Big Temple 1000

Brahadeswarar Temple ( Big Temple ) Thanjavur.

The Brihadeeswarar Temple or Peruvudaiyar Kovil, also known as Rajarajeswaram, at Thanjavur in Tamil Nadu, is the world's first complete granite temple. It is a brilliant example of the artistry and architecture of the Vishwakarmas in temple architecture. It is a tribute and a reflection of the power of its patron Rajaraja Chola I. It is one of the greatest glories of Indian architecture and is one of our most prized architectural sites. The temple is part of the UNESCO World Heritage Site of the "Great Living Chola Temples."

The foundations of the temple were laid out by the Tamil Emperor Arulmozhivarman, popularly called Rajaraja Chola I, in 1002 CE, as the first of the great Tamil Chola building projects. According to tradition, the temple was built by the Chola king Rajaraja in compliance of a command given to him in his dream. The Vimaana or the temple tower is 216 ft (66 m) high and is among the tallest of its kind in the world.

The great Brihadeeswara Temple was completed around 1010 AD. It remained the centre of the Chola administration for many years, channeling the state revenue into a number of civic projects. It also acted as a repository of the empire's records, as the great Rajaraja had its walls covered with numerous inscriptions recording his conquests and his endowments to various charities. The impression we get from the inscriptions is of a wealthy, progressive city, although totally dominated by the temple. This temple is a unique monument in many respects.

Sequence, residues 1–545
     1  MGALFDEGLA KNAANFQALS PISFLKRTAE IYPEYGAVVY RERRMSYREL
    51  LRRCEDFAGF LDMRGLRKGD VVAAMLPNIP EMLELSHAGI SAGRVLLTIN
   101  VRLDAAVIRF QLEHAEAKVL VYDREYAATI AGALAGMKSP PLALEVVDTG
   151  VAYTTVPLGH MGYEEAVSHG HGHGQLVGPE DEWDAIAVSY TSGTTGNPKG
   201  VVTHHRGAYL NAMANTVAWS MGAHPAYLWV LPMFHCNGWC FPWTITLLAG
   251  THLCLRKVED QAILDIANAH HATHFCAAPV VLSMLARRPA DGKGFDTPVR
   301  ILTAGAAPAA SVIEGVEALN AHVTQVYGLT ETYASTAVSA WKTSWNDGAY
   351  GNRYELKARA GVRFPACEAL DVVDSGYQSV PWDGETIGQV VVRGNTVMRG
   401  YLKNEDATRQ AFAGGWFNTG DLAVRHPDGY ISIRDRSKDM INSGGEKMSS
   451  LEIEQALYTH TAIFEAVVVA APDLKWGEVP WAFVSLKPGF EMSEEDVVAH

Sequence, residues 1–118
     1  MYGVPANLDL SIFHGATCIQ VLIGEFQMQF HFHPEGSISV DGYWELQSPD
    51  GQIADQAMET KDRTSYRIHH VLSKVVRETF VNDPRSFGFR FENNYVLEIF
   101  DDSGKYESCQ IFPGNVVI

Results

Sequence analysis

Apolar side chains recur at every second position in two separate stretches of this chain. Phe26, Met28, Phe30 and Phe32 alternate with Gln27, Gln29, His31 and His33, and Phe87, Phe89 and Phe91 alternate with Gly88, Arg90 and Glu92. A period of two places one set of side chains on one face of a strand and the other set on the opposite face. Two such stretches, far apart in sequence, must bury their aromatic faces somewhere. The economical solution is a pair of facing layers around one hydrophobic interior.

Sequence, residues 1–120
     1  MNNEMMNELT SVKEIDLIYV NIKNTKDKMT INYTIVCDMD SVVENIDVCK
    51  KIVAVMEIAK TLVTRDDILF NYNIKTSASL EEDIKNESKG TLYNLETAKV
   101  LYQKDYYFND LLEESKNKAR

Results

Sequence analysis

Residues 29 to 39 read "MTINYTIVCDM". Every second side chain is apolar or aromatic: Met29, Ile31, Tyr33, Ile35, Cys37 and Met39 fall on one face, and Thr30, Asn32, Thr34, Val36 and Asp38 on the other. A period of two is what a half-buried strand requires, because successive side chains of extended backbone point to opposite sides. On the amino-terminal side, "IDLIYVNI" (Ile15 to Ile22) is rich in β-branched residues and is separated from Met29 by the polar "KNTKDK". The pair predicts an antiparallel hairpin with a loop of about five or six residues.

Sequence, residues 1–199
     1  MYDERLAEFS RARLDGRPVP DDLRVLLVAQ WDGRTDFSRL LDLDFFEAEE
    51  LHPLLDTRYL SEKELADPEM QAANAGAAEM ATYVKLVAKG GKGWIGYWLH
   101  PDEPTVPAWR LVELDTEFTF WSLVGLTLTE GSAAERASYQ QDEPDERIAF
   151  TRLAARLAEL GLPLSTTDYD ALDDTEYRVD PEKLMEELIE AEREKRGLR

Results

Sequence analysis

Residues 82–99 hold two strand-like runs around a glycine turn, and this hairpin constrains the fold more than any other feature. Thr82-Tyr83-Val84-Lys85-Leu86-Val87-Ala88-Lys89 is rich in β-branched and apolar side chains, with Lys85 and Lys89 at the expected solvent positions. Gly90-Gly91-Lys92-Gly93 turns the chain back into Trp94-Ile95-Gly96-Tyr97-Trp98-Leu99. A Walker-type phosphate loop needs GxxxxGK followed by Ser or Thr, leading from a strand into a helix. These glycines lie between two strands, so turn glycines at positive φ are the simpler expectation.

It attracts the curiosity of not merely the historian but also the sociologist, not to speak of the dancer and the painter for it is perhaps the only temple in the world which carries on its walls, the engraved evidence, in beautiful calligraphy, of its entire history and the story of the contemporary society. Such an exhaustive documentation ranging over almost a hundred long inscriptions engraved on the walls, pillars and podium, is rare wealth indeed, of immeasurable value to the scholar. The inscriptions give, apart from a comprehensive history of the times, a full enumeration of all the metallic images set up in the temple. Numbering about 66, these icons are referred to with a description of the minutest details of size, shape and composition. This alone is a mine of information for the art historian.

The temple also sports a depiction in stone, of 81 of the 108 karanas of Bharata Muni's ‘Natya Sastra' - the first of its kind - setting the pace for many others to follow in succeeding centuries. The inscriptional data also abound in mention of the jewellery of the period; about 66 different types of ornaments, jewellery and the names of 400 dancers who were attached to the temple. The Temple is a veritable source of invaluable material on the social and cultural life of the people of the times.